“I will celebrate two festivals,” Bashek Ali says, as he checks his “new” right leg. Ali will be fitted with a prosthetic leg before the upcoming Muslim festival of sacrifice, Kurban Bayram (Eid al-Adha). He is among applicants to the northern Syrian town of Tal Abyad's Physiotherapy and Rehabilitation Center.
The center primarily caters to people who lost limbs in terrorist attacks, to landmines planted by terrorist groups or to attacks by Assad regime forces. It was jointly founded by the Directorate of Health in Şanlıurfa, the southeastern Turkish province across from Tal Abyad, Istanbul-based Alliance of International Doctors (AID) and Kuwait’s state-run charity Bait al Zakat. Tal Abyad was liberated from terrorist groups in 2019 through the Turkish military’s Operation Peace Spring. The center was opened last April to help victims of the decadelong conflict where thousands were killed either by the hands of forces loyal to the Assad regime or in attacks by Daesh and the YPG, the Syrian branch of the terrorist PKK group, which used to control Tal Abyad before Turkish operation.
So far, 1,200 patients have been treated at the center and 35 people have been fitted with prosthetic limbs. Ali lost his right leg when he stepped on a landmine planted by Daesh in Syria’s Raqqa in 2018. He looks forward to “getting rid of my cane.”
Majed Abu Maher, a Tal Abyad resident, lost part of his leg two years ago in a work accident. He applied to the center to get a new prosthetic leg and was supplied one for free. “I am thankful to everyone working here,” he told Anadolu Agency (AA) on Thursday.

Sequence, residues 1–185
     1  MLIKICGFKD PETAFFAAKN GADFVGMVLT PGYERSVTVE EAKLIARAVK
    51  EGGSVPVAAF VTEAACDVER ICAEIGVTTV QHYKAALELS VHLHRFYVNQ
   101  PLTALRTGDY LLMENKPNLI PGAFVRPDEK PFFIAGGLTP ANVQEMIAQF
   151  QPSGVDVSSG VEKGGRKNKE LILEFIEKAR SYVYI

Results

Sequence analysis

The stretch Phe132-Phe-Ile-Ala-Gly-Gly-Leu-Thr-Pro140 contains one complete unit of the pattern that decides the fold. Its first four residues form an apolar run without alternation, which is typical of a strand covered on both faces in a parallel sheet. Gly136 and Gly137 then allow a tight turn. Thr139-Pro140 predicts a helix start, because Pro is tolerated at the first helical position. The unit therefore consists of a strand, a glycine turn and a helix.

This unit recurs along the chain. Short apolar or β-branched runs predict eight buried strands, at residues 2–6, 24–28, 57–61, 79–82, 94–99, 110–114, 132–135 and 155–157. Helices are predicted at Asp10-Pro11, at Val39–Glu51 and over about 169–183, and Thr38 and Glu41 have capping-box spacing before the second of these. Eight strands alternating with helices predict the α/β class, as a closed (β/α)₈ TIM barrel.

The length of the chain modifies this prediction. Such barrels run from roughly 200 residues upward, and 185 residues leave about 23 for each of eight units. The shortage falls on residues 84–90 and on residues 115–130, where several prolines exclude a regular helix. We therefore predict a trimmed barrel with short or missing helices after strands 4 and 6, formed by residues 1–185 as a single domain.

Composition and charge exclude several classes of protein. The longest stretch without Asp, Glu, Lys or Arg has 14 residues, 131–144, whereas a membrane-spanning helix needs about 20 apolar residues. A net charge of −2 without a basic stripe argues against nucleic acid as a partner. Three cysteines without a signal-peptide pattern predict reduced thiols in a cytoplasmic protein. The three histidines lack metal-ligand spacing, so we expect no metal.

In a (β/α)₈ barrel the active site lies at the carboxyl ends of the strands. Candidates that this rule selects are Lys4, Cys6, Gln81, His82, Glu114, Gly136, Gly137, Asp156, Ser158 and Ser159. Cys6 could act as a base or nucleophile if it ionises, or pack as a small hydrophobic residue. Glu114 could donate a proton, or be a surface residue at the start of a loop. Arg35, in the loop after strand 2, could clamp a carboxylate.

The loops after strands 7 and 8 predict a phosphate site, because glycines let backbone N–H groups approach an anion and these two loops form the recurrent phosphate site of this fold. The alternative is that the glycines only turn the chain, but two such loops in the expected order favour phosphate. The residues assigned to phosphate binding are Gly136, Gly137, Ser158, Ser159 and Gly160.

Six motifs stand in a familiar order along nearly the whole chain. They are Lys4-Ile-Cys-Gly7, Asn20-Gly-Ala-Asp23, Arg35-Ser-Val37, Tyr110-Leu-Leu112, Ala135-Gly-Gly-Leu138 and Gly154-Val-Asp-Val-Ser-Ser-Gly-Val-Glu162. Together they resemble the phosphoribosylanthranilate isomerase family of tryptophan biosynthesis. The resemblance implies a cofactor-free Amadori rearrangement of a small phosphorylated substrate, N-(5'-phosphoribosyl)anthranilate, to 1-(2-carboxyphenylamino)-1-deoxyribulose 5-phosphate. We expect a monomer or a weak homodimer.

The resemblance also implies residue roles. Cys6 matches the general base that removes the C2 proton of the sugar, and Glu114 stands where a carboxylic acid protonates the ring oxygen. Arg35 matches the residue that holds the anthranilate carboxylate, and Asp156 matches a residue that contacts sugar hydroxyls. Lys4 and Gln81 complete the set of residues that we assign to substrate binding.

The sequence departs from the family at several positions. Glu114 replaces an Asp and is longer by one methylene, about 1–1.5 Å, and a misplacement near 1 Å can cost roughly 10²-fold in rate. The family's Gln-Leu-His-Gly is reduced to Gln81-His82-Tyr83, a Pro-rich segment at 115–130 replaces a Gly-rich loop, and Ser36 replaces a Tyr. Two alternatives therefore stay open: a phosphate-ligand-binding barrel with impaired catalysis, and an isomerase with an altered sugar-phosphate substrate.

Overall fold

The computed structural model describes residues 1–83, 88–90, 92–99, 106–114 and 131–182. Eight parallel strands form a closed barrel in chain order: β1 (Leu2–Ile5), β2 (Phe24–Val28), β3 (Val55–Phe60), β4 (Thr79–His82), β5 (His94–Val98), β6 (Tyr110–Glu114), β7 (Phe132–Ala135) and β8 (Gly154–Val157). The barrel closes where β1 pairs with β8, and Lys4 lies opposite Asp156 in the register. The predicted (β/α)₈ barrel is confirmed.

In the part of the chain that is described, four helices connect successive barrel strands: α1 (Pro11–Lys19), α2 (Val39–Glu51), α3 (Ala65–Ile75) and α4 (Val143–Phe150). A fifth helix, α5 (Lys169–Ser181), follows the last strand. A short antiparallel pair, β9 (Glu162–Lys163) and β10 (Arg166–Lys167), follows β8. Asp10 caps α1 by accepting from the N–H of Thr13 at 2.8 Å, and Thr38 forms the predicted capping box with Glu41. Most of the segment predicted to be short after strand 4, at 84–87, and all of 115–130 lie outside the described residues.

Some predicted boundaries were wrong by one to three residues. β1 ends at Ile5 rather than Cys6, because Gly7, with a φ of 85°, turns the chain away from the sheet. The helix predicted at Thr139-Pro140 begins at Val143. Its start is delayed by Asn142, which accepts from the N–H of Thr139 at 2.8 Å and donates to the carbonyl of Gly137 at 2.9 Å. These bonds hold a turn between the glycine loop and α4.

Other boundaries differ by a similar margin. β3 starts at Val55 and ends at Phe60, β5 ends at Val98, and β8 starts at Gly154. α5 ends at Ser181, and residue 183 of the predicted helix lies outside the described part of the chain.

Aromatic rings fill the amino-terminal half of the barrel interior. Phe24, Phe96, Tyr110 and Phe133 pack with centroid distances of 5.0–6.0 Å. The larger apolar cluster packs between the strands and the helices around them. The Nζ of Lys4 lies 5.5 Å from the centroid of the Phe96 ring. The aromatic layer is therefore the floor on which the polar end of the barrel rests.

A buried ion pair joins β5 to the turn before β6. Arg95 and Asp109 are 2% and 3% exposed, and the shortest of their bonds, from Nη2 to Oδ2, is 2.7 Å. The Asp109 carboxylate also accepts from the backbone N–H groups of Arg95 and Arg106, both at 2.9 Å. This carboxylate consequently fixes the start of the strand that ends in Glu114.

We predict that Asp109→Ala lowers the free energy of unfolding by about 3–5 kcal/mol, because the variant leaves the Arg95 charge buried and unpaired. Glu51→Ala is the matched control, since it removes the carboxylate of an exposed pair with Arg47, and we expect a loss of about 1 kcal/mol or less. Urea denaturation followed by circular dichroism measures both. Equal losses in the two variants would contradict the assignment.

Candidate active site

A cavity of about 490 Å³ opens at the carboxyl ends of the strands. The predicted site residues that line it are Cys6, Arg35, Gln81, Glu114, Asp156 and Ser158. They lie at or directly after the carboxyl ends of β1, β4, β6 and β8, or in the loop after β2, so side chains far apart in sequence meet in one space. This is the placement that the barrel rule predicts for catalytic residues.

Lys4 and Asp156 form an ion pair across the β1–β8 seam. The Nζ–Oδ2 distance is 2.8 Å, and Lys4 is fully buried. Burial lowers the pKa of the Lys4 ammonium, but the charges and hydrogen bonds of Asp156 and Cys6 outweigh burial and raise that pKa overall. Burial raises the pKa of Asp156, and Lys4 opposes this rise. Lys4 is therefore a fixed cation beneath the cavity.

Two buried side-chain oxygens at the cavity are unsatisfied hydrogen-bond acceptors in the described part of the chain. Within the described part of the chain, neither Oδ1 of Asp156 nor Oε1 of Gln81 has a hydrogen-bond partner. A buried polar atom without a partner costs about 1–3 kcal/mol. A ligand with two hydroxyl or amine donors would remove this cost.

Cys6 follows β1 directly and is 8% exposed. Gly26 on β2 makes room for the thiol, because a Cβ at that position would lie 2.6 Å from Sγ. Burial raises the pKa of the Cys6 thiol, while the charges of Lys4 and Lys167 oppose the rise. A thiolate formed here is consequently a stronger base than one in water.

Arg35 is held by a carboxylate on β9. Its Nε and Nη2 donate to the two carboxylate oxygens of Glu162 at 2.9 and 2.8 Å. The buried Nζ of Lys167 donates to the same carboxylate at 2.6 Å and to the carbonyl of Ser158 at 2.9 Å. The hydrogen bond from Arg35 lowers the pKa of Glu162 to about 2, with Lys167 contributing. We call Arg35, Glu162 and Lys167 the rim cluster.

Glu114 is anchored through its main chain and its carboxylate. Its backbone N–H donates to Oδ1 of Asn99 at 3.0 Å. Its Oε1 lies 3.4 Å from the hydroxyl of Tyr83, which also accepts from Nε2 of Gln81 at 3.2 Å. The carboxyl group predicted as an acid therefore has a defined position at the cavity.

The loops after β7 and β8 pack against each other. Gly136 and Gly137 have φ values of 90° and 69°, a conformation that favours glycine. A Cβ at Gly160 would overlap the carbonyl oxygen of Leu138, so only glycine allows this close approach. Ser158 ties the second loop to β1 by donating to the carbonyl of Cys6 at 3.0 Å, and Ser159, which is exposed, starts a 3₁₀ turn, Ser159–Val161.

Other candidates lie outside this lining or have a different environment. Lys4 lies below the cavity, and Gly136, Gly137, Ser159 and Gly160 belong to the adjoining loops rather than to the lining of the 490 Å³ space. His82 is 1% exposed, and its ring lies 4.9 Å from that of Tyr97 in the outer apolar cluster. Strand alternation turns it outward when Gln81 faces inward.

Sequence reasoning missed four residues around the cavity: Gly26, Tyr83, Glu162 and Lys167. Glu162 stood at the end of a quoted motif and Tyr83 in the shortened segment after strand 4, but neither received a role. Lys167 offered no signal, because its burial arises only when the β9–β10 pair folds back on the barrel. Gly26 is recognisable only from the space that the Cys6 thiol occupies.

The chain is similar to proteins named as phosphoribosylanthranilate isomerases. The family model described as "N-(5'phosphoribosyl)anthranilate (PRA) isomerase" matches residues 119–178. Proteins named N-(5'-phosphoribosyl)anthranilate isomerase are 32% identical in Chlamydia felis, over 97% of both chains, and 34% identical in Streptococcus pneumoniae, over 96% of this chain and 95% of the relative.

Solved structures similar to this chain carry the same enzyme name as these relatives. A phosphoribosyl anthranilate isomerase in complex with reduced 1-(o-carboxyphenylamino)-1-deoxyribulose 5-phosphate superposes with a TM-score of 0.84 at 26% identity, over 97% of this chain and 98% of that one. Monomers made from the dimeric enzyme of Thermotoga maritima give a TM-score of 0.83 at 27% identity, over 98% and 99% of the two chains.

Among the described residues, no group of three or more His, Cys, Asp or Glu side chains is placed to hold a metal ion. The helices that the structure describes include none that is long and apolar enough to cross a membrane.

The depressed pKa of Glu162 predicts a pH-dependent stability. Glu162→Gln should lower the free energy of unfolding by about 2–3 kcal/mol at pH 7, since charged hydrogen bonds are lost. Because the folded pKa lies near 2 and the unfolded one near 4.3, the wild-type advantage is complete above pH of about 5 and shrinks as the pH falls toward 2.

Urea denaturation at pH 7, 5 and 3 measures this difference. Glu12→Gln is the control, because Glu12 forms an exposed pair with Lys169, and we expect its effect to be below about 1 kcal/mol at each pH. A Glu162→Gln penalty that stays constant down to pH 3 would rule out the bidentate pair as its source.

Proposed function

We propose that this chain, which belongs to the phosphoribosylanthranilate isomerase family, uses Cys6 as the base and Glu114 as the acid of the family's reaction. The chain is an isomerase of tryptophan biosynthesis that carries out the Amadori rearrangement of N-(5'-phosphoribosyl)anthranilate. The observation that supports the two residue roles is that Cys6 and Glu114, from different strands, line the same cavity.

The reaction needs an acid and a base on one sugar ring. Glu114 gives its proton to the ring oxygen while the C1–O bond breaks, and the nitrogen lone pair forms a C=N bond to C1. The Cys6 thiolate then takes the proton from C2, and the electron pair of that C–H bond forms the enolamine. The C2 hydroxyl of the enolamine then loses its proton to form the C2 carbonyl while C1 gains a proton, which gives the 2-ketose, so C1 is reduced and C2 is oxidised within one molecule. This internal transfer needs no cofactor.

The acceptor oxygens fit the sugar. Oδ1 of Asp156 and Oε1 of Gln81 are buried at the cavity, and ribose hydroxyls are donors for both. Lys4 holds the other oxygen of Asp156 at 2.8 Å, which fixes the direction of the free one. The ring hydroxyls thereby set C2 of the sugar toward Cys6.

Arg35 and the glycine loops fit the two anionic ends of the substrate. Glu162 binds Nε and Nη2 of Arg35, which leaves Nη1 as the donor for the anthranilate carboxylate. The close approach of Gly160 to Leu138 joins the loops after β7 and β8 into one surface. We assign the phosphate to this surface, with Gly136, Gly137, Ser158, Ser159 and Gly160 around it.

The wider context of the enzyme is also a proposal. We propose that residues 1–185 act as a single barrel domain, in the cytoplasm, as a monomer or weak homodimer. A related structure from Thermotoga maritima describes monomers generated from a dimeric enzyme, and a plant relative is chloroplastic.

Abu Baran Covhari lost his leg due to a lack of access to proper treatment. Covhari was shot in the leg by a YPG member in 2015 and the terrorist group prevented him from traveling to Turkey for treatment, he said. After much delay, he was finally allowed to go to the Turkish border province Gaziantep for treatment, but by then it was too late for him. Doctors had to amputate his leg, he said. “Doctors did all they could and tried to patch a damaged vein in my leg but it failed. They cut off the leg and fitted me with a prosthetic leg in 2016,” he recounted. He applied to the center for a new prosthetic transplant and he received one. “They were very kind and compassionate about patients. I am grateful to the staff here,” he says.
Dr. Muhammad Abdallah, who works at the center, says they are now working to fit 10 more patients with prosthetic legs and arms. “Private hospitals charge them up to $2,000, but we offer them a free service here,” he says.
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